Yesterday, the little things came in the form of music that reminded me of people I love.

CDC Ashley: The Sweet Escape, Gwen Stefani
Brooks: More Than a Woman and How Deep is Your Love, The Bee Gees :)
Jamie: Just the Way You Are, Bruno Mars
Macy: Love Song, Sara Bareilles
North Point Ashley: Free Fallin,' Tom Petty
Rob: Wish You Were Here, Pink Floyd
Cami: All of My Love, Led Zeppelin
Clay: Blackbird, The Beatles

Can you believe they played all of those songs? In the span of about an hour and a half! (Yes, all on one radio station. See? There's no rhyme or reason to these stations, and normally, there aren't this many good songs in a row . . .)

Anyway, yesterday was a good day.

Thing I'm thankful for: being home at 2:00 in the afternoon

Tuesday, February 08, 2011

Open Letter to Austin Radio Stations

Dear Austin radio stations,

Most of what I heard before moving to Austin was that it's a great place for music. There are all kinds of popular local bands, and they come in all genres: bluegrass, country, rock, indie rock, singer/songwriter, etc. I heard that "when a band tours, they always stop in Austin." Music, music, music! And lakes and walking trails. And music. And UT. And music.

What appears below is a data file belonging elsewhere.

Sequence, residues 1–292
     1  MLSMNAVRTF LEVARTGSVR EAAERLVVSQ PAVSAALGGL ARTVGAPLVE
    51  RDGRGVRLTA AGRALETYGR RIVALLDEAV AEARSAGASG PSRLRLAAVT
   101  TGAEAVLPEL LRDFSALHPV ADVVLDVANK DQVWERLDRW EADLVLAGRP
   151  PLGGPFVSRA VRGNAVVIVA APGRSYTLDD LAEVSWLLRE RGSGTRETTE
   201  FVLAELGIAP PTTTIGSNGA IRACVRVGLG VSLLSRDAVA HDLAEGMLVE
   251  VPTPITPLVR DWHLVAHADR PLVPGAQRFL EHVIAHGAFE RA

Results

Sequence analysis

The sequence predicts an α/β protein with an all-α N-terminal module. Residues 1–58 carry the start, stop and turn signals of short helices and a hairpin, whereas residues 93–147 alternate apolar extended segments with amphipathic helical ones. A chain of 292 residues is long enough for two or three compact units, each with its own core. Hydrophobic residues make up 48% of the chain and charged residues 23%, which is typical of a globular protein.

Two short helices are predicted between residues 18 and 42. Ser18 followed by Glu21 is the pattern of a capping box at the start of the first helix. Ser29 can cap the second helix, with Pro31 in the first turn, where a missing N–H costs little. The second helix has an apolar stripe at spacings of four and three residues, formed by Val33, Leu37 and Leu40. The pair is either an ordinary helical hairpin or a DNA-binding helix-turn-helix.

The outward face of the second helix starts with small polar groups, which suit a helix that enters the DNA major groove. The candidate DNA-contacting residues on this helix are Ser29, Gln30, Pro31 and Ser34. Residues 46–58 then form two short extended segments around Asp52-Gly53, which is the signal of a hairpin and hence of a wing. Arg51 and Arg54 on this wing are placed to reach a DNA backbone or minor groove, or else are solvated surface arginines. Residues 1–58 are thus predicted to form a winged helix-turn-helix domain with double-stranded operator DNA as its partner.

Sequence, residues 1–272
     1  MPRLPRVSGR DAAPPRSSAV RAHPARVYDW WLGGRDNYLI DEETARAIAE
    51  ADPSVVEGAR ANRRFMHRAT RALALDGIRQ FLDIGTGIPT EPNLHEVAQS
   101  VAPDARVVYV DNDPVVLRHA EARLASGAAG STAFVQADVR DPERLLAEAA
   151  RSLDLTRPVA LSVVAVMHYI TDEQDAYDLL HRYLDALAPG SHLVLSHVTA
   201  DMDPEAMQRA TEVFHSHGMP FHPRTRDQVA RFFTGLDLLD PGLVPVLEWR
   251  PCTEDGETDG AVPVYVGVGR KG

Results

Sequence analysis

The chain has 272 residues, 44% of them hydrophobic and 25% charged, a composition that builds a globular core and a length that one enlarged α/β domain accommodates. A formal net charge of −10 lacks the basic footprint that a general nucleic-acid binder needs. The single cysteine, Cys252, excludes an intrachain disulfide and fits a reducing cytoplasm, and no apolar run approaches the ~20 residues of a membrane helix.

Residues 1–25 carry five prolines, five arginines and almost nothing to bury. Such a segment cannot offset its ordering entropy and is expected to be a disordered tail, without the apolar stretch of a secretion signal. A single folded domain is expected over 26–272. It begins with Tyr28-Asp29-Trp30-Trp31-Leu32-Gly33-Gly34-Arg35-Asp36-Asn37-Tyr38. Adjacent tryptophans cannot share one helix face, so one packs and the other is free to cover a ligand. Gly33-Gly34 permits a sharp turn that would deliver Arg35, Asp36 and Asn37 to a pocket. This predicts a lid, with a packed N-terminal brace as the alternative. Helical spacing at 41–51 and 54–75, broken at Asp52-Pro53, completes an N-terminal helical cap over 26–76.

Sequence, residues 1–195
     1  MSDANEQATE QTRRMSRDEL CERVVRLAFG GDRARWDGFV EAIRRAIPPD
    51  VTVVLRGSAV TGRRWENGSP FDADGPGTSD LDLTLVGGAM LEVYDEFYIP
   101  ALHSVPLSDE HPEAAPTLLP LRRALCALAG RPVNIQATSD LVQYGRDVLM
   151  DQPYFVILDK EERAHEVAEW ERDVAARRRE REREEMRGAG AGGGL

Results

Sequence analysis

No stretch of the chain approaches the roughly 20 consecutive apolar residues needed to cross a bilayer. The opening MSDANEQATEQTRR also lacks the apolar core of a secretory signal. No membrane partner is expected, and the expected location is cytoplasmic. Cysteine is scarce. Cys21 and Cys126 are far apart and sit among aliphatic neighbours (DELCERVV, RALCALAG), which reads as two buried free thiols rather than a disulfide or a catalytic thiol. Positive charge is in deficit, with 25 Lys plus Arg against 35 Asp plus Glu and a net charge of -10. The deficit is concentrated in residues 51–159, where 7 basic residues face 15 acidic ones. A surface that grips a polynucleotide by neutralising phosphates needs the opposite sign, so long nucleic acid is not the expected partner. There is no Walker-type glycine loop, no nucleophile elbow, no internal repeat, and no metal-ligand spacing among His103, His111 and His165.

So imagine my surprise, radio stations, when you didn't deliver. If I was going to get lost in my car every day for the first couple of weeks of living here, at least I'd be able to listen to good music!

But I've only found four radio stations that are "just okay." It's more than a little disappointing.

I hope you improve over the next two years . . .